February 19, 2015
These days, anyone can be a private investigator; all you need are the Internet and some know-how. CNet lays out “5 Tips for Finding Anything, About Anyone, Online.” Writer Sarah Jacobsson Purewal begins:
“I think everyone should have decent online stalking skills. Not because I condone stalking, but because knowledge is power—if you don’t know how to find people online, how do you know what people can find about you online? Googling yourself is like checking your credit report for inaccuracies: it’s only effective as a preventative measure if you do it thoroughly and routinely. Whether you’re looking for yourself or a friend (no judgment), here are five tips for finding out anything, about anyone, online.”
Purewal begins with the logical first step—Google. She helpfully links to a video on advanced Google search techniques. She also advises do-it-yourself sleuths to “type in everything you know about the person in keyword format.” Next is Facebook’s People Search tool. Here, the write-up reminds us we can go through friends and family to find someone who’s using a fake Facebook name. Under the heading “Make connections,” Purewal advises searchers they will have to do some thinking:
“Once you have several facts about your subject, you’ll need to use your brain to make connections and fill in the blanks. For example, if you know your subject’s name, job title, and location, you can probably find their LinkedIn profile. On their LinkedIn profile, they’ve probably listed their undergraduate degree and when they graduated from college, which means you can work backward to figure out approximately how old they are.”
The list goes on to note, “Remember people are not very creative;” many unwisely use the same username and even password at many websites. One can use that clue to hunt someone down in social networks and community forums. Finally, we’re reminded that “A picture is worth a thousand words.” Purewal recommends snagging a Facebook or Twitter profile picture and taking it over to TinEye or Google Images for a reverse lookup. Isn’t technology wonderful?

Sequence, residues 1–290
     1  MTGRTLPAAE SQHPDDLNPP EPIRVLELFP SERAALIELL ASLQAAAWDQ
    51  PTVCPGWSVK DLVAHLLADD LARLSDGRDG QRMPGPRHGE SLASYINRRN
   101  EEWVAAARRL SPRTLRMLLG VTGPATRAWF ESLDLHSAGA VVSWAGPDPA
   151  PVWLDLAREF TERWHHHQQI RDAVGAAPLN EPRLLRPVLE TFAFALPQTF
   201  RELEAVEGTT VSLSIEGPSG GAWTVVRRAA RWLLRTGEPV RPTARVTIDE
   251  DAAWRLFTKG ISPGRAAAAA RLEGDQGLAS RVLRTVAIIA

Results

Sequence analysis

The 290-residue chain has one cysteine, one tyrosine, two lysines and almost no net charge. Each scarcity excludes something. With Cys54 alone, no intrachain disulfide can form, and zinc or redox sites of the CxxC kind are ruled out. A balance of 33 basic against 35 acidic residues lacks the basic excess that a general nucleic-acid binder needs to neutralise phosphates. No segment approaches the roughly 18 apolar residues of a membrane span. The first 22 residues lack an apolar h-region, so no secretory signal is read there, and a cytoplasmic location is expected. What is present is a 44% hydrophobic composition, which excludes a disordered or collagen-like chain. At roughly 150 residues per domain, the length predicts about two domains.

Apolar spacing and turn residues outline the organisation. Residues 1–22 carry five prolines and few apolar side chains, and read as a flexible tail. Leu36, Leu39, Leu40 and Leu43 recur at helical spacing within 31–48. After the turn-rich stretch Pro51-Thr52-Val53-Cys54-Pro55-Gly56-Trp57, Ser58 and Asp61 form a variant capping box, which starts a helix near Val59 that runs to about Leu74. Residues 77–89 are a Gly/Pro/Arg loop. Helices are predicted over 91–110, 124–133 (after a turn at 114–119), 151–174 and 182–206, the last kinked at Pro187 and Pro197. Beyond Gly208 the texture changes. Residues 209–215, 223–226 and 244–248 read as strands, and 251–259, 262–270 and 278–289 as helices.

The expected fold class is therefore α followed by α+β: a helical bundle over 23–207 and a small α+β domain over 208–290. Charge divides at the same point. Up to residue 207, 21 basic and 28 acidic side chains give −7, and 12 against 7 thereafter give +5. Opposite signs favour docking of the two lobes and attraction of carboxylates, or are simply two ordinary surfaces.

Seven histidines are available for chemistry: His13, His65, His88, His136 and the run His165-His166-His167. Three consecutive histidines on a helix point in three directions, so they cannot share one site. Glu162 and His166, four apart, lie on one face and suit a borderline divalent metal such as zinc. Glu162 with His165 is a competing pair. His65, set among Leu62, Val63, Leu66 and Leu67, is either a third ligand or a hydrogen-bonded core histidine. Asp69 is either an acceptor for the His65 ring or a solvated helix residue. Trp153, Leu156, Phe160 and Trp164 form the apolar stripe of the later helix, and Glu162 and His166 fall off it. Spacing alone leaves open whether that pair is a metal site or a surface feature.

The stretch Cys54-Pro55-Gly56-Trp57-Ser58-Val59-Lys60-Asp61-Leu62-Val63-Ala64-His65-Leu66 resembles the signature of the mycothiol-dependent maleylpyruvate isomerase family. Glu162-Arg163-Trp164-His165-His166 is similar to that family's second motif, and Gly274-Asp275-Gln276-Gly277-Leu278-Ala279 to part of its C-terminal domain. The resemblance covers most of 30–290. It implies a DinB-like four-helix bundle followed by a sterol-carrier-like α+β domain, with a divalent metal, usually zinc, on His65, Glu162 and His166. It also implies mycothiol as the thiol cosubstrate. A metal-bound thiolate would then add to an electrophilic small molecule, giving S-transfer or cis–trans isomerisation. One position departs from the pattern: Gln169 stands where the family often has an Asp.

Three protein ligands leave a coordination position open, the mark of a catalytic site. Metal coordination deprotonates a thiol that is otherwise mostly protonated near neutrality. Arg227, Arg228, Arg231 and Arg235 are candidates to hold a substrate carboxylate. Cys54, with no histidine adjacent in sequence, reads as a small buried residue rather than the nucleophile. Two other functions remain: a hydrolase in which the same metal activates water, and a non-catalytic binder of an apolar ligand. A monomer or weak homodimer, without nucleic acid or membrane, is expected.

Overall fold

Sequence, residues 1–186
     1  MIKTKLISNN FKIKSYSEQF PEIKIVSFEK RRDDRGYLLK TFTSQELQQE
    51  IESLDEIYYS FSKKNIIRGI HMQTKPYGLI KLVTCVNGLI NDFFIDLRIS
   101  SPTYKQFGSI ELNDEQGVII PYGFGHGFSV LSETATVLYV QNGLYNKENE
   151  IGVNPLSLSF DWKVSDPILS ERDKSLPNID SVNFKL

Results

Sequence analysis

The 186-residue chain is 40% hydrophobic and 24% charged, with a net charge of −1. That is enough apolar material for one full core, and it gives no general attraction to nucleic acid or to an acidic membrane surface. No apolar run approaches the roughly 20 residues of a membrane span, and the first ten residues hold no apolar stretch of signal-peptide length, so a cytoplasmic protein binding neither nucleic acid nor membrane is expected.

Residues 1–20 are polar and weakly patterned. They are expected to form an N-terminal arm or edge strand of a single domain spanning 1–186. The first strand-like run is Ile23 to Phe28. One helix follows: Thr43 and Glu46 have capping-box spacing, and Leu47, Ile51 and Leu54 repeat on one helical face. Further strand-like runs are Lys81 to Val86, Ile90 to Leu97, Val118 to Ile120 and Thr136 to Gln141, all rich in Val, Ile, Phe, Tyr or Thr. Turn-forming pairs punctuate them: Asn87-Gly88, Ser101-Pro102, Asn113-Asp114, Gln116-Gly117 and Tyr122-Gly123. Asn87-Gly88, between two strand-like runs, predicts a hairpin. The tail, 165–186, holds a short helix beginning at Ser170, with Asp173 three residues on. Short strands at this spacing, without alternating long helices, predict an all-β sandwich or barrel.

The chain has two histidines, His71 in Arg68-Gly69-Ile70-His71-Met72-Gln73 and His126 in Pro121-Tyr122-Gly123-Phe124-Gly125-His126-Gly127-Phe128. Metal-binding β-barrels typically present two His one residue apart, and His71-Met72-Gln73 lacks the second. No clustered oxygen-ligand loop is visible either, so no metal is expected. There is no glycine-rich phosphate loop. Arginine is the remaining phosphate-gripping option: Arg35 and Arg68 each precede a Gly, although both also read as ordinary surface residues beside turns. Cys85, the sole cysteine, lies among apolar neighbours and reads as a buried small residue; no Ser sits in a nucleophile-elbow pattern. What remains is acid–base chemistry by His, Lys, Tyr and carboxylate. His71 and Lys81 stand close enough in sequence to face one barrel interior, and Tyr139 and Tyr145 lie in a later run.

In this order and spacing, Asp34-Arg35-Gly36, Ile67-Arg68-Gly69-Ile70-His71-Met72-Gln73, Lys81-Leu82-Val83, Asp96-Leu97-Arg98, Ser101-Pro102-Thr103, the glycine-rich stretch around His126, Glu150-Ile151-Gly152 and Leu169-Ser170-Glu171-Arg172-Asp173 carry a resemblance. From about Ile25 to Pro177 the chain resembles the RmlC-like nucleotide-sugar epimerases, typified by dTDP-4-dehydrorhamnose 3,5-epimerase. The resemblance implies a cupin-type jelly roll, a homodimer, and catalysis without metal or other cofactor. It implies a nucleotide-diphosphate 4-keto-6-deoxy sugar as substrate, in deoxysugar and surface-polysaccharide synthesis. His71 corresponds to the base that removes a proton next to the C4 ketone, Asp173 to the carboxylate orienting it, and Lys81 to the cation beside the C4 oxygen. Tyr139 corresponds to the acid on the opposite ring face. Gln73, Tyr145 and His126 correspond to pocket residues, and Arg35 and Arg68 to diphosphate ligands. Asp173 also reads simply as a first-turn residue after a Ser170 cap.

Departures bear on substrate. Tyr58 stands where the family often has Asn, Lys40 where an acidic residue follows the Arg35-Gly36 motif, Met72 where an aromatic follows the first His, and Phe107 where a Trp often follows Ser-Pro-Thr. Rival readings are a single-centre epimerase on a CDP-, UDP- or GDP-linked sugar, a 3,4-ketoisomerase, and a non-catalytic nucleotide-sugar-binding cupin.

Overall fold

Cynthia Murrell, February 19, 2015
February 18, 2015
A big push for universities is teaching undergraduate students how to conduct research. Most of them simply go to Google or Wikipedia and think their work is done. Wrong! Research involves more than a few spins around the search engine and most students find themselves deficient in that area. LearnU wrote an article, “Get Your Search On: 40 Of The Best Search Engines For Students And How To Use Them.”
The article includes a brief spiel about information literacy and its importance. What is nice is it explains how search engines work:
1. “Internet user enters desired inquiry into the search engine’s search bar.
2. The search engine’s software gets to work and starts sorting through the millions of pages residing within its database in an attempt to find the best fit for the original inquiry.
3. Once all the action takes place behind the scenes, all relevant results are generated for the searcher and presented. Results are listed in order with the most relevant first.”
What is even better is that the article does not ban Google entirely from the approved academic search engine list. Google used to be a no-no in academic research, but now it is a useful tool with different features specifically geared towards academics. There are even nods to video and social media search engines. The article does forget to mention Blekko and Yandex as major search engines and they also forget to mention Google Video as a media search system.
Oh well, nothing is perfect and at least most of these are free compared to scholarly databases.
February 18, 2015
According to a recent report, it appears that people trust the aggregator more than the sources it aggregates. Wait, what? Search Engine Journal (SEJ) informs us that “Google Is a More Trusted Source of News than Traditional Media [Report].” Of the 27,000 people surveyed for the report (published by Quartz), 72% trust “online search engines,” 64% trust traditional media, and 59% trust social media. (Personally, I find that last figure most troubling; but I digress.) Writer Matt Southern tells us:
“Where the trust stems from is a search engine’s ability to give users an at-a-glance look at news and information from a variety of sources. That is, apparently, more dependable for most people than getting news and/or information from a single source.
“What this really means is getting news from more than one source is preferable compared to putting sole trust in the reporting of one publication….
“On the other hand, you must also consider that Google’s algorithm takes into account your search history when serving up search results. So, for example, if you often come to SEJ for your SEO news then you’ll see more results from SEJ when conducting a search.”